by Professor Ian H. Giddy
New York University
- What was the economic rationale for this acquisition?
- <>How much of the purchase price was paid in cash, and how much in shares? Why?>
NY Times, Oct. 3 2005 - The British cable operator NTL said today that it had agreed to buy its rival, Telewest Global, in a $6 billion deal that would bolster their ability to compete with British Sky Broadcasting and British Telecom. >
Telecommunications analysts at Oppenheimer said the combination
would produce a "strategically competitive" company that would generate
bigger cash flow margins than expected.
NTL and Telewest both own cable, broadband and telephone businesses
that were created through purchases of smaller companies over the last
NTL and Telewest have been struggling separately to stave off
competition from pay television channels, particularly British Sky
Broadcasting, which is controlled by Rupert Murdoch's News Corporation.
Together, the two expect to reap £1.5 billion in savings, at a rate of
£250 million a year by 2008. Some of this cost-cutting will come from
lost jobs, the companies said, but they did not elaborate.
Together, NTL and Telewest would l have a cable footprint capable of
covering more than 50 percent of British households and have more than
5 million residential customers. The combined companies would have
revenues of £3.4 billion as of the 12 months ended June 30.
The combined company would also become Britain's second-largest telephone company after British Telecom.
Bulking up will help NTL become a tougher competitor, company
executives said. "There are so many small franchises trying to compete
with Sky and British Telecom, all offering different content and
different platforms, that it's hard to for any of them to grow large
enough," NTL's chief executive, Simon Duffy, said in a telephone
The deal "puts us in the 800 pound gorilla camp," said Mr. Duffy,
who would become president and chief executive of the combined company.
"We will be much more effective as a larger company" he added. In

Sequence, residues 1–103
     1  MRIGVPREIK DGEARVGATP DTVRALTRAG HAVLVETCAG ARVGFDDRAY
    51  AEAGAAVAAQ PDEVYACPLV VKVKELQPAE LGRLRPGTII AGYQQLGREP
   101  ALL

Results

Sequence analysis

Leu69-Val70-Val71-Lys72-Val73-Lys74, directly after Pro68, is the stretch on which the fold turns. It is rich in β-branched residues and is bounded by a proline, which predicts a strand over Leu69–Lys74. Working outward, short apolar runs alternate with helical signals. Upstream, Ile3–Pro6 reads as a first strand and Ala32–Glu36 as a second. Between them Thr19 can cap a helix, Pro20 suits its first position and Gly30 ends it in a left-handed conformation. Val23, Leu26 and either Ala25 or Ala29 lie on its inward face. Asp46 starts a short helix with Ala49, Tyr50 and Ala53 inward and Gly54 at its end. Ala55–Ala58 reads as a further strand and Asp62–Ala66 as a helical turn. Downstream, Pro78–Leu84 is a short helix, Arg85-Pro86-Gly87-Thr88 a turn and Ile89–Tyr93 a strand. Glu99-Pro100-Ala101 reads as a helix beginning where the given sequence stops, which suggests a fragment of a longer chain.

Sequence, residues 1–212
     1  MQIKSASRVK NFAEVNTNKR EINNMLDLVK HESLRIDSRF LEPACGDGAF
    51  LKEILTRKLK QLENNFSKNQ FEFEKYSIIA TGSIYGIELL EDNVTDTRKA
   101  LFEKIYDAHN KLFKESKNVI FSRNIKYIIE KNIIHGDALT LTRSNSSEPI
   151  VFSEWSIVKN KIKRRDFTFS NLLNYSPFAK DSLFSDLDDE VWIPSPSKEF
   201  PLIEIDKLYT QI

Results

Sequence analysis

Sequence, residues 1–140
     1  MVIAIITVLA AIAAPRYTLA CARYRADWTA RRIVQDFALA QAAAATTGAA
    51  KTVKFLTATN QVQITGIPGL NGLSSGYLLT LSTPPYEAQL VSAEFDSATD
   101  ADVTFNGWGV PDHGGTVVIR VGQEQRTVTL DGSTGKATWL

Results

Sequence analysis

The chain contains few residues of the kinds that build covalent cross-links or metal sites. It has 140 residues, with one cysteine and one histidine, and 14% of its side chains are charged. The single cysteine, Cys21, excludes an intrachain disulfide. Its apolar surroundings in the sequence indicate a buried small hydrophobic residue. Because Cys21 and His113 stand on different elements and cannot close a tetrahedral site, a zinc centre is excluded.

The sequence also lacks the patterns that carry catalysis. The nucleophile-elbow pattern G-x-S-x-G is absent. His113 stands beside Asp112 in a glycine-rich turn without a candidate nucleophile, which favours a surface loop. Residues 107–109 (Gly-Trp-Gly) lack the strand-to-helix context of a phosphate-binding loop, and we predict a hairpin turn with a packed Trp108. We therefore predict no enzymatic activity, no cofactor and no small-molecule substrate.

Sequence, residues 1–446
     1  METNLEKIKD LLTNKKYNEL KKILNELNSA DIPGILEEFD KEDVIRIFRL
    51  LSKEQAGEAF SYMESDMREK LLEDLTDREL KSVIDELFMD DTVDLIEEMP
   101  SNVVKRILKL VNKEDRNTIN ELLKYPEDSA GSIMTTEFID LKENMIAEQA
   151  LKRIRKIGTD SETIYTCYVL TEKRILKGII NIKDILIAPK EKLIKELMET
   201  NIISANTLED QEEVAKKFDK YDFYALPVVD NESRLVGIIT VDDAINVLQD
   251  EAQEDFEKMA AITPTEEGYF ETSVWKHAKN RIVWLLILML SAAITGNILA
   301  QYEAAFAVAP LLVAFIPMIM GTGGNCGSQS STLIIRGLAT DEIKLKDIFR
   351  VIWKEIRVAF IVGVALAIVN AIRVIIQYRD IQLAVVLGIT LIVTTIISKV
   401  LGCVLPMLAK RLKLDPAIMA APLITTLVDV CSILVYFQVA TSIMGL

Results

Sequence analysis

addition to cutting costs for duplicate programs, like starting up
HDTV, for example, NTL and Telewest would be able to spend more
together on marketing and product innovations, he said.
NTL plans to keep Telewest's programming arm, Flextech, a unit Telewest put on the block earlier this year.
The financial markets had been expecting NTL's purchase of Telewest
for nearly a year, and serious negotiations between Telewest and NTL
have been continuing since early summer. Mr. Duffy said the deal took a
long time to negotiate because it was "inherently complex." Besides, he
said with a laugh, "they were unreasonably tough negotiators and they
wouldn't say yes."
>< style="font-family: helvetica,arial,sans-serif;">The cash and stock deal values Telewest at about $6 billion, or
$23.93 a share, a 4.2 percent premium to Telewest's closing price on
Friday. >NTL will make 70 percent of the offer in cash and 30 percent in its own stock. < style="font-family: helvetica,arial,sans-serif;">NTL is offering $16.25 in cash, plus 0.115 shares of its own
stock for each share of Telewest. In order to finance the deal, NTL plans to refinance its and
Telewest's existing debt and raise new financing of £1.8 billion, or $3.2 billion. The combined
companies would have net debt of £5.7 billion, or $10 billion.
Financing is being arranged by Deutsche Bank, Goldman
Sachs, JP Morgan Chase & Co and Royal Bank of Scotland.
Telewest was advised by Deutsche Bank and Rothschild, NTL was
advised by Goldman Sachs.>
The deal had a muted effect on the companies' stock prices. This
afternoon, in Nasdaq trading in New York, NTL's shares were down 98
cents, or 1.5 percent, to $65.82, while Telewest's shares were up 17
cents, or 0.7 percent, to $23.12.